“Failure is all about you while you seek for goals that cannot be achieved. You look for permanence in the impermanent, for love where there is none, for safety in the midst of danger; immortality within the darkness of the dream of death...” Workbook, page 239, Lesson 131.
In this lesson we are told that as long as we have goals that are based in this world, we will only end up with failure in the end. We all have goals—the most common ones being getting a good education, finding a job, buying a house, having a family, going on holiday every year, etc. And although these goals do give us some pleasure, they can only ever end in failure because of the impermanence of life in the world of duality.
“The finiteness of life is its futility” said Ken Wapnick in his book From Futility to Happiness. He pointed out that all our goals will ultimately fail because, sooner or later, they will all come to an end. This is what Lesson 131 warns us about: “Goals that are meaningless are not attained. There is no way to reach them, for the means by which you strive for them are meaningless as they are...” Not only are our goals meaningless because of their impermanence, they are also meaningless because they can, unless we’re vigilant, keep us trapped in the world of the ego. If we devote all our energy and time to our everyday goals, we won’t have much time left over for the one and only really meaningful goal: awakening.
Everyone is searching for meaning at some level—everyone “who wanders in the world uncertain, lonely, and in constant fear,” T668. And even though we may not feel that we are in constant fear, if something were to deprive us of the things we rely on for shelter and security, e.g. our homes or jobs, then we would feel uncertain and fearful. Lesson 258 in the Course, states: “Let me remember that my goal is God.” This is, in fact, what enlightenment is all about.
Describing how he actually managed to achieve an enlightened state of awareness, the great spiritual teacher David Hawkins said, in his book Discovery of the Presence of God – Devotional Nonduality, that he had a very intense desire to reach it; he was also compassionate towards others and towards himself and he acted with “constant and universal forgiveness and gentleness, without exception.” He also said he kept all desires under control and turned them over to God. In this way he was able to transcend the chattering of his mind and experience the “Silence,” as he called it.
The emphasis on forgiveness is of particular interest to students of A Course in Miracles, as forgiveness is the key to salvation according to its teachings. Lesson 99 of the Course instructs us to repeat the following: “Salvation is my only function here. Salvation and forgiveness are the same.” Then we are advised to: “Forgive all thoughts which would oppose the truth of your completion, unity and peace….Forgive what you have made and you are saved.” What we have made is the ego and the world of time and space. If we can recognise that this is just an illusion, and if we can forgive ourselves for believing in the ego and for thinking that we are separate from each other, we have a good chance of achieving salvation upon the completion of all our forgiveness lessons.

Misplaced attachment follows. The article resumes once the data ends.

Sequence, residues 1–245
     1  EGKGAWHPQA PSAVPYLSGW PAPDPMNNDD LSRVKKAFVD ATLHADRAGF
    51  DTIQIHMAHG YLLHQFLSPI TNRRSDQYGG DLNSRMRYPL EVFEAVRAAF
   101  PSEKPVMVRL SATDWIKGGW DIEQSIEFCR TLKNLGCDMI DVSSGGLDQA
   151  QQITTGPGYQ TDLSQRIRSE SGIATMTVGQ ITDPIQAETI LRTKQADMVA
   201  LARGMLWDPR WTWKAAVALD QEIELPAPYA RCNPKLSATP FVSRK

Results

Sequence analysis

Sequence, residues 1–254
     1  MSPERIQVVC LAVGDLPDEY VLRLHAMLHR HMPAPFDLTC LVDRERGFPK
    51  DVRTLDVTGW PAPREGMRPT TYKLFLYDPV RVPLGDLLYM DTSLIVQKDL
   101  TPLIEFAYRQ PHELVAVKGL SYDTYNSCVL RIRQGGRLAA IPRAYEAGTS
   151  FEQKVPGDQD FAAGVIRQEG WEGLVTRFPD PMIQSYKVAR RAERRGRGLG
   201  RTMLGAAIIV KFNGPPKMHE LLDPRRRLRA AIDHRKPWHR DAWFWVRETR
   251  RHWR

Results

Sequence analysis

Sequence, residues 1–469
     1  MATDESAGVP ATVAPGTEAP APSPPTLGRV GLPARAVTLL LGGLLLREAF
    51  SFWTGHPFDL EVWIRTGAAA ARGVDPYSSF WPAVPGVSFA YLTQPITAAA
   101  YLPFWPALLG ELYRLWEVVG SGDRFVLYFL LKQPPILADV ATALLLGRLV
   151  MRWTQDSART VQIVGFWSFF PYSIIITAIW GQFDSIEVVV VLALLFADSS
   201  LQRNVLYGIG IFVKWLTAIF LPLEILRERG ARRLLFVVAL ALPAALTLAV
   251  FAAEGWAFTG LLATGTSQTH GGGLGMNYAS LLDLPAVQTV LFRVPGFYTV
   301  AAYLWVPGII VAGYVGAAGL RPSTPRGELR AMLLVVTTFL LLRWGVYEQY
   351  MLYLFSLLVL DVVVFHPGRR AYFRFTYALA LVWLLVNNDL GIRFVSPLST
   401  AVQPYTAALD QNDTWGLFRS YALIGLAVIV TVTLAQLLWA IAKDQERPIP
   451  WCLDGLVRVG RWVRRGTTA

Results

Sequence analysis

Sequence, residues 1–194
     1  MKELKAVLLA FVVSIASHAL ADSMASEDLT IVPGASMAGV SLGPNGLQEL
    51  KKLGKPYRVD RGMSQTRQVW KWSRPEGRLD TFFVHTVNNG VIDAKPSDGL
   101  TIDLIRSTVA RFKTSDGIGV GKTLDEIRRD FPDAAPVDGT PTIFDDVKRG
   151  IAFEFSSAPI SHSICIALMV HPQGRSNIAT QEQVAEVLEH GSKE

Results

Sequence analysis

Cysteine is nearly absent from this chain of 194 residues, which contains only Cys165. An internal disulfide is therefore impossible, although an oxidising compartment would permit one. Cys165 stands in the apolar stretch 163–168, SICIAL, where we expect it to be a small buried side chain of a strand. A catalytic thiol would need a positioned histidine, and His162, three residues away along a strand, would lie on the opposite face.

In Chapter 29 of the Text Jesus asks us: “How willing are you to forgive your brother? How much do you desire peace instead of endless strife and misery and pain? These questions are the same, in different form. Forgiveness is your peace, for herein lies the end of separation and the dream of danger and destruction, sin and death; of madness and of murder, grief and loss. This is the ‘sacrifice’ salvation asks, and gladly offers peace instead of this.” This passage shows that there is a direct link between forgiveness and the Atonement—recognition that the separation from God never occurred. Forgiveness brings with it the peace of God because it enables us to remember our unity with Him and with all other beings.
James Swartz, in his interesting book "How to attain Enlightenment – the Vision of Non-duality," stresses that those keen to become enlightened should be: “...discriminating, dispassionate, calm of mind and endowed with a burning desire for liberation” and possess devotion, faith and perseverance as well. And he points out instead of being extroverted and focusing on the unreal world of form, we need to use yoga and meditation to help the mind, the intellect and the ego turn within and achieve self-awareness.
Of course, whilst we believe we are living in the world of duality, it is normal to have goals such as a job, family, career, etc. One doesn’t have to give any of these things up. But it is important to remember, nonetheless, that there is a more important goal, unless we really want to remain trapped in the world of duality—a world that is unreal, according to many spiritual teachers.
The more one watches the news on television the more one realises that there is something extremely wrong with our world. Lesson 131 refers to our “strange world” and states: “Heaven remains your one alternative to this strange world you made and all its ways; its shifting patterns and uncertain goals, its painful pleasures and its tragic joys. God made no contradictions. What denies its own existence and attacks itself is not of Him.”
But the good thing about Lesson 131 is that it offers us hope. We can succeed in our quest for immortality, if we follow the advice given to us. We are asked to watch all our thoughts and let them go, and then beneath them is a door which will lead us from illusion to truth. We are guided by the Holy Spirit, who walks with us and we should be happy because: “This is a day of gladness, for we come to the appointed time and place where you will find the goal of all your searching here, and all the seeking of the world, which end together as you pass beyond the door.”
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